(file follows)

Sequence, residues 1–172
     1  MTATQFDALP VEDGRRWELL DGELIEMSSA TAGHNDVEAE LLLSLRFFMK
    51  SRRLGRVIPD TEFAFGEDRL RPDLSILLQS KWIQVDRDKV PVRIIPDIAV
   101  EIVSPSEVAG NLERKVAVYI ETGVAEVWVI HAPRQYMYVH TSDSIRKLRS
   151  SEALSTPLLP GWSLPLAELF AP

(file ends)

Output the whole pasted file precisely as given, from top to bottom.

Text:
Sequence, residues 1–172
     1  MTATQFDALP VEDGRRWELL DGELIEMSSA TAGHNDVEAE LLLSLRFFMK
    51  SRRLGRVIPD TEFAFGEDRL RPDLSILLQS KWIQVDRDKV PVRIIPDIAV
   101  EIVSPSEVAG NLERKVAVYI ETGVAEVWVI HAPRQYMYVH TSDSIRKLRS
   151  SEALSTPLLP GWSLPLAELF AP